Nonviral-mediated hepatic expression of IGF-I increases treg levels and suppresses autoimmune diabetes in mice

Xavier M. Anguela, Sabrina Tafuro, Carles Roca, David Callejas, Judith Agudo, Mercè Obach, Albert Ribera, Albert Ruzo, Christopher J. Mann, Alba Casellas, Fatima Bosch

Research output: Contribution to journalArticleResearchpeer-review

23 Citations (Scopus)


In type 1 diabetes, loss of tolerance to β-cell antigens results in T-cell-dependent autoimmune destruction of β cells. The abrogation of autoreactive T-cell responses is a prerequisite to achieve long-lasting correction of the disease. The liver has unique immunomodulatory properties and hepatic gene transfer results in tolerance induction and suppression of autoimmune diseases, in part by regulatory T-cell (Treg) activation. Hence, the liver could be manipulated to treat or prevent diabetes onset through expression of key genes. IGF-I may be an immunomodulatory candidate because it prevents autoimmune diabetes when expressed in β cells or subcutaneously injected. Here, we demonstrate that transient, plasmid-derived IGF-I expression in mouse liver suppressed autoimmune diabetes progression. Suppression was associated with decreased islet inflammation and β-cell apoptosis, increased β-cell replication, and normalized β-cell mass. Permanent protection depended on exogenous IGF-I expression in liver nonparenchymal cells and was associated with increased percentage of intrapancreatic Tregs. Importantly, Treg depletion completely abolished IGF-I-mediated protection confirming the therapeutic potential of these cells in autoimmune diabetes. This study demonstrates that a nonviral gene therapy combining the immunological properties of the liver and IGF-I could be beneficial in the treatment of the disease. © 2013 by the American Diabetes Association.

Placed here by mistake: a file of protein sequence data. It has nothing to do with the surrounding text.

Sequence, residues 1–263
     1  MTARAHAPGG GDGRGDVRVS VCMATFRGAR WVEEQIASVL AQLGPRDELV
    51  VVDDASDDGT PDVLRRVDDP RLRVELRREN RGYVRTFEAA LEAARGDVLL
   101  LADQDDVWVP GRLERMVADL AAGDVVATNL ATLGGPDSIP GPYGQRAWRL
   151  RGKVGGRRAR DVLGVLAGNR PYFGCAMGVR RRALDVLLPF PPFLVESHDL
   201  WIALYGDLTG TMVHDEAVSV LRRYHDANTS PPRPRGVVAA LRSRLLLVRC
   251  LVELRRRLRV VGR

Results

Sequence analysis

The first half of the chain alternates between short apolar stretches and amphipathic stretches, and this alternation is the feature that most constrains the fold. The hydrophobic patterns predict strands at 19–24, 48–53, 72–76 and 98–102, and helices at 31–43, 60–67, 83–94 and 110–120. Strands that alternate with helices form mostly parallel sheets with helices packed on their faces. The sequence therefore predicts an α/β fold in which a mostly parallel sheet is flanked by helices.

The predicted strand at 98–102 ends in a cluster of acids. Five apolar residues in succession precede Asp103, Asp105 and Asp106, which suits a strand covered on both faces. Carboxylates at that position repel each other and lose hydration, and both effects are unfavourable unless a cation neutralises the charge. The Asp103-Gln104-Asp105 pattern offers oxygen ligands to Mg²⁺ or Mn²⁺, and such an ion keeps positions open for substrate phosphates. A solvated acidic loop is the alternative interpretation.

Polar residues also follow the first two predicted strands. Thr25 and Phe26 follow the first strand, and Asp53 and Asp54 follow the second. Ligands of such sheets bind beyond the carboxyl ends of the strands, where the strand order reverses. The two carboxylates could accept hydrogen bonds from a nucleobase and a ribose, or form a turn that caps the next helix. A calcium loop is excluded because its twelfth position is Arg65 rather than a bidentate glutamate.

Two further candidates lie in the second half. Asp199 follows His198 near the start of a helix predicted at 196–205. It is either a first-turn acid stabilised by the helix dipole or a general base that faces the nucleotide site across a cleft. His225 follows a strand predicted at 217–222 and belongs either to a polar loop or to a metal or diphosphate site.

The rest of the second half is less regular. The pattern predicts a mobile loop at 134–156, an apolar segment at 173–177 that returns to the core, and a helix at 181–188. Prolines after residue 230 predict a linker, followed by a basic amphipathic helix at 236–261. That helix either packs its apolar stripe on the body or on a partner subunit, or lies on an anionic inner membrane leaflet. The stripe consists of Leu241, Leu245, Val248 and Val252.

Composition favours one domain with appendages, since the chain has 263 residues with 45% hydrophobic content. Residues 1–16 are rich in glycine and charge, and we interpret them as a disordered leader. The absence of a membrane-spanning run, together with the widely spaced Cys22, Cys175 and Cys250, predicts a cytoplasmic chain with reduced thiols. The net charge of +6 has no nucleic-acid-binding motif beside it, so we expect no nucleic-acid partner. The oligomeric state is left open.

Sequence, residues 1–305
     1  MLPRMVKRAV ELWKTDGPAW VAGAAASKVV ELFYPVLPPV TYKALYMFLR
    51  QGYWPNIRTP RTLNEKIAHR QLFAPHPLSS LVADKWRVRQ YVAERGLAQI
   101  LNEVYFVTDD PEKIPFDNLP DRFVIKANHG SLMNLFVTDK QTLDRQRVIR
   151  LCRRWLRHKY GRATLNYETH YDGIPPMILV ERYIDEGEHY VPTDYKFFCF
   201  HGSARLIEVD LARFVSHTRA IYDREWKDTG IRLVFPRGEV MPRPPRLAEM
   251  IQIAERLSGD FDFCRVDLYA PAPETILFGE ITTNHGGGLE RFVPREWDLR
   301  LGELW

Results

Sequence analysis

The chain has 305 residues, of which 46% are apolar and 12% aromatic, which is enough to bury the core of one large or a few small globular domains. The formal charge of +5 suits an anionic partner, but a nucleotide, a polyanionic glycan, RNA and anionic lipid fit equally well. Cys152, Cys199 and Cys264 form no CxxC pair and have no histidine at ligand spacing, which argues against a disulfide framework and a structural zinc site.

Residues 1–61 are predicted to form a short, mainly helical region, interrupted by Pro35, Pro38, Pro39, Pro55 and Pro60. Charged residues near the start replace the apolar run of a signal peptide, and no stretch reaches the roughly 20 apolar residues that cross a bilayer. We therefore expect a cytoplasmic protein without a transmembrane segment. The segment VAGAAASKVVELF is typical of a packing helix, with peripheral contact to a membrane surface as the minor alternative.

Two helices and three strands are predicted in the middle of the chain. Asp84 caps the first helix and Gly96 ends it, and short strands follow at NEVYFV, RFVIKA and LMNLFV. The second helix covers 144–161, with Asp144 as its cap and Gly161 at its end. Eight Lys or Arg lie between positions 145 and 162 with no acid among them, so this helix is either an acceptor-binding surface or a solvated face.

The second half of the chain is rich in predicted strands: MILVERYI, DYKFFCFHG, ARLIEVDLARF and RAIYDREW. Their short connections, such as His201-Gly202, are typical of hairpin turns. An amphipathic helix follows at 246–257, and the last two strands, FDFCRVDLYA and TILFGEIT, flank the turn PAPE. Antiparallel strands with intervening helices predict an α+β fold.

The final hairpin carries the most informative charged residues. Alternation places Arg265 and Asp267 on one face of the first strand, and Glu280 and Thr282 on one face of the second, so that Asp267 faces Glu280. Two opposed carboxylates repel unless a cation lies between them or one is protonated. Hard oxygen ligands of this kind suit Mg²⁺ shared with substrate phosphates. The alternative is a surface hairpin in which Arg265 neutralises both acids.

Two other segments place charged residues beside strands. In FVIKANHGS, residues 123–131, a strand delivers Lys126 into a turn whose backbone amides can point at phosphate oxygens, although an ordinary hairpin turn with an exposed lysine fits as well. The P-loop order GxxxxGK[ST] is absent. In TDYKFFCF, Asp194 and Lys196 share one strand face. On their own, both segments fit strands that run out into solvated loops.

Original languageEnglish
Pages (from-to)551-560
Issue number2
Publication statusPublished - 1 Feb 2013


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